westfw wrote:Where does the "six" come from?


Wost case conditions. The transistor Vce may be higher, the LED Vf may be higher, etc...
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Re: Led limit for arduino

by oPossum on Fri Apr 24, 2009 6:23 pm

westfw wrote:Nice, but it does seem to reduce the available voltage by a substantial amount compared to a simple transistor switch with a customized resistor value.


Yes, but it doesn't require a regulated supply or a variety of resistor values. It also reduces parts count because no base resistor is required.

Using a series resistor requires that the voltage supply and LED Vf stay close to expected values. This is not a problem for a single LED, but can be for many in series.

For example...

10 green LEDs (Vf=2.2) at 10 mA from a 24V supply.

10 * 2.2 = 22
24 - 22 = 2
2 / .01 = 200 ohm series resistor

If an unregulated supply is used it could easily be 28 volts or more at low to moderate load.

28 - 22 = 6
6 / 200 = 0.03

LED current increased from 10 mA to 30 mA just by using an unregulated supply.
Similar problems occur when the LED Vf changes a bit.

The simple fix is fewer LEDs...

9 * 2.2 = 19.8
24 - 19.8 = 4.2V
4.2 / .01 = 420 ohm

28 - 19.8 = 8.2V
8.2 / 420 = .0195 A

Only double now.

Notice how the voltage drop is now very close to what is required for the regulated circuit.

If a simple linear voltage regulator is used, the supply voltage to it must be several volts higher (assuming a simple transformer/bridge/cap supply). So again the regulated circuit has similar voltage requirements, but fewer parts.
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Re: Led limit for arduino

by GAHorton on Mon Apr 27, 2009 7:53 pm

So i wired a test circuit up to my arduino and made it run the simple blink program. The LEDs are not lighting up. when i test the voltage of the transistor i'm only getting about .8v with every blink.


here's a picture:
Attachments
DSCN2816.JPG
DSCN2816.JPG (887.83 KiB) Viewed 6130 times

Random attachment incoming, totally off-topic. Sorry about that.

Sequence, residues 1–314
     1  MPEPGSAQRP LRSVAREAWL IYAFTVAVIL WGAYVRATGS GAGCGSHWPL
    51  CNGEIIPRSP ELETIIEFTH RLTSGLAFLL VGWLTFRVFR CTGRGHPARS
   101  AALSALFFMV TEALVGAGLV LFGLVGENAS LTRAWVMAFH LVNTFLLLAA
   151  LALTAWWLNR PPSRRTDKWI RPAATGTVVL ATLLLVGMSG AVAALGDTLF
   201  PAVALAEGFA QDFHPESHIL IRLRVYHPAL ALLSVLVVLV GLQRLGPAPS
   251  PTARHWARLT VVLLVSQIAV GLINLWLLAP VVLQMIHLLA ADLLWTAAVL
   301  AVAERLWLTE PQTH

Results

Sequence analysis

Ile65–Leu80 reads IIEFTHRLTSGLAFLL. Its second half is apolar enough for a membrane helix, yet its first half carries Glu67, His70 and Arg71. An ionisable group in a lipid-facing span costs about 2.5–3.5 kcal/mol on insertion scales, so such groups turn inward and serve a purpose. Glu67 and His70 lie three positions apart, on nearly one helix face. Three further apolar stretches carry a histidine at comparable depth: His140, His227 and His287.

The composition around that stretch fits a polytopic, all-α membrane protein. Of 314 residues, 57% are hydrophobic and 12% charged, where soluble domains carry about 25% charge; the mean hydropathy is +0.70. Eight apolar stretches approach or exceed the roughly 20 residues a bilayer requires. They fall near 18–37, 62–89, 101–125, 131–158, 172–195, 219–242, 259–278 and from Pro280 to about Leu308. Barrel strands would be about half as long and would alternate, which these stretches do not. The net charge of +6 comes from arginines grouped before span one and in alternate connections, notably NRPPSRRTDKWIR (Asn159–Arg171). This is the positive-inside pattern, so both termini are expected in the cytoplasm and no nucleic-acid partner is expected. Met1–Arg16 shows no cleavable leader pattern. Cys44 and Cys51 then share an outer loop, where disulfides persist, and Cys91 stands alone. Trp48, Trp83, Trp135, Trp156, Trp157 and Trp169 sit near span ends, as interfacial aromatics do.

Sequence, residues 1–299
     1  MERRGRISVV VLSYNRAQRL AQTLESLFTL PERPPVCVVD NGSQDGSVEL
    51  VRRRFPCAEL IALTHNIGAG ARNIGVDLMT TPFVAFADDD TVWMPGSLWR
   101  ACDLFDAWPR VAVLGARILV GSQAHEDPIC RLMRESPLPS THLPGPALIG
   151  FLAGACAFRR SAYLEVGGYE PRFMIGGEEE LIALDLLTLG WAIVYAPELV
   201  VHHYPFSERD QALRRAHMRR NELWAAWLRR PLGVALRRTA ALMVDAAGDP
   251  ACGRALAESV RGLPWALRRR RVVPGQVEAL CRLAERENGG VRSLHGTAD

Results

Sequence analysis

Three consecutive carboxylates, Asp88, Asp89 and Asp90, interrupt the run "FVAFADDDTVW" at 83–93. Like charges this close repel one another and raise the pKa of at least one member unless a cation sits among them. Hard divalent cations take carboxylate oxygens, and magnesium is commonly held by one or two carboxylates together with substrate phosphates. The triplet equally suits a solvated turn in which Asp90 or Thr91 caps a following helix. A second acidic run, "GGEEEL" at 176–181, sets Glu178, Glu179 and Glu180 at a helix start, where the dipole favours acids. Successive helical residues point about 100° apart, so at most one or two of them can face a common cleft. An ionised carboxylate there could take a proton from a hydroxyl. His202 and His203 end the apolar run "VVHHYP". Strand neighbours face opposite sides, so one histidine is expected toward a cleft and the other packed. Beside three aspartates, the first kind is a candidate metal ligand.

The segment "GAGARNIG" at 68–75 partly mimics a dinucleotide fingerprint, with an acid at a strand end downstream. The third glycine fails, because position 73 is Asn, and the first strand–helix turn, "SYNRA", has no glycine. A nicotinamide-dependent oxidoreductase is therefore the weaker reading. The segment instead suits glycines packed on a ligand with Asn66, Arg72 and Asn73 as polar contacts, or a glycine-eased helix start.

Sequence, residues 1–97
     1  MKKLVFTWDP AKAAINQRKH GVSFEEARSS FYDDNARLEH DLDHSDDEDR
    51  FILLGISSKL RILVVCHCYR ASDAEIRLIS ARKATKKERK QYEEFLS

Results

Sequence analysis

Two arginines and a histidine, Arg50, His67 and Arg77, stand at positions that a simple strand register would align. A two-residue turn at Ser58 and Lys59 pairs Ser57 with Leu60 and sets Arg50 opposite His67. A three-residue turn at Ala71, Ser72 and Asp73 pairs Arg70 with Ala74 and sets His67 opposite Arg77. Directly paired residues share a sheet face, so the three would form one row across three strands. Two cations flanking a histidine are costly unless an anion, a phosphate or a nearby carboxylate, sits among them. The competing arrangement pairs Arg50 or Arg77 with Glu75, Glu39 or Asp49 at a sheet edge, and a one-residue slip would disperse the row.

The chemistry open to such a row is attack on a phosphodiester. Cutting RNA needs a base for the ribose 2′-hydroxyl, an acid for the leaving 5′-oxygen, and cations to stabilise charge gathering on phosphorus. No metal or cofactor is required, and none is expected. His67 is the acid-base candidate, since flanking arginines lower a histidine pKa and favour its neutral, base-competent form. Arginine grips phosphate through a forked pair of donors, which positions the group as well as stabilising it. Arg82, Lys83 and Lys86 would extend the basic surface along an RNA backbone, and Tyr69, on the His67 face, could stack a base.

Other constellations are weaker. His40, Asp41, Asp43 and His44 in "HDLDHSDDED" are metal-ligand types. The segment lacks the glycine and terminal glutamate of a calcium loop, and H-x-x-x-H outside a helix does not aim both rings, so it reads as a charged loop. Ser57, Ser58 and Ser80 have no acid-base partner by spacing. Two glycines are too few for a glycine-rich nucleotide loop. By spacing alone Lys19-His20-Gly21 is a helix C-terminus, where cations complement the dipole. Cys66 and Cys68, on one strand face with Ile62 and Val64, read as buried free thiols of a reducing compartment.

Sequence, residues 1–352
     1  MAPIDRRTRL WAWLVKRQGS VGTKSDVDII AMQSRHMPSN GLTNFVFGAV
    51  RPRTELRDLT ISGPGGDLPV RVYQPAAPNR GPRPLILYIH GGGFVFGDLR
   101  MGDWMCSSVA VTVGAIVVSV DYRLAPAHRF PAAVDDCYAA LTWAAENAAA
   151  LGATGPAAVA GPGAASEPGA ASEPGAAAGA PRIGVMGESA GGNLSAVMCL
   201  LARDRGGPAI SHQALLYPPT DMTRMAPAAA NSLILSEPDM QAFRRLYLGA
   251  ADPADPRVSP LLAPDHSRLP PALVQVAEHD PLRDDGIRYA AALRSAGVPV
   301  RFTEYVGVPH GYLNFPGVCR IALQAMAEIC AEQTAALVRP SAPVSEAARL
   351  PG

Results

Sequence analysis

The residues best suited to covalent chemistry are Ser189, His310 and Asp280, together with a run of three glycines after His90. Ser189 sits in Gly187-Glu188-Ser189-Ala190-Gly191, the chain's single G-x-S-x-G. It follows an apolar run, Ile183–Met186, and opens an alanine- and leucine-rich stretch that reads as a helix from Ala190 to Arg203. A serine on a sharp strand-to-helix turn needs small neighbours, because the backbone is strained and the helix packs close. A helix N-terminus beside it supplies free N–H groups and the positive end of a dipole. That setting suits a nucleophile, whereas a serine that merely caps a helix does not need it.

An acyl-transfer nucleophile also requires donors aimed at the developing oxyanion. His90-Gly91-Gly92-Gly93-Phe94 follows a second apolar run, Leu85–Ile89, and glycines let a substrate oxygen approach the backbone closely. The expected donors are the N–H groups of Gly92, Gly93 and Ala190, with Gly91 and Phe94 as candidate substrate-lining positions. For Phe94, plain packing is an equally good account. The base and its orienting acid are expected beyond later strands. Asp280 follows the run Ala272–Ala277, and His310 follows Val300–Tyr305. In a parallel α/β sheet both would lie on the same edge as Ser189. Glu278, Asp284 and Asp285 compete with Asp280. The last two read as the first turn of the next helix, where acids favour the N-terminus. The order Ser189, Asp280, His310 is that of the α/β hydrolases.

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Re: Led limit for arduino

by oPossum on Mon Apr 27, 2009 8:10 pm

You need at least 12 volts for those 4 LEDs.
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Re: Led limit for arduino

by GAHorton on Mon Apr 27, 2009 11:41 pm

so how can i get this working for the arduino?
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Re: Led limit for arduino

by GAHorton on Thu Apr 30, 2009 1:22 pm

let me rephrase..

do i need to hook up a separate voltage to the led series to get it to work? i can't use the on board 5v to power the leds right?


if i do have to hook up a separate voltage, how to i make a common ground?
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Re: Led limit for arduino

by westfw on Thu Apr 30, 2009 6:07 pm

Before this gets TOO tangled, let me point out that if the goal is to light 4 LEDs on a single pin, it may be simpler to use a parallel configuration. You need the transistor in either case, but the parallel config lets you get by without needing to deal with a separate power supply for the LEDs.
Image
http://farm4.static.flickr.com/3664/348 ... 304dd8.jpg

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Re: Led limit for arduino

by oPossum on Thu Apr 30, 2009 8:52 pm

Just connect the grounds together and the +12 volts or higher to the LED string.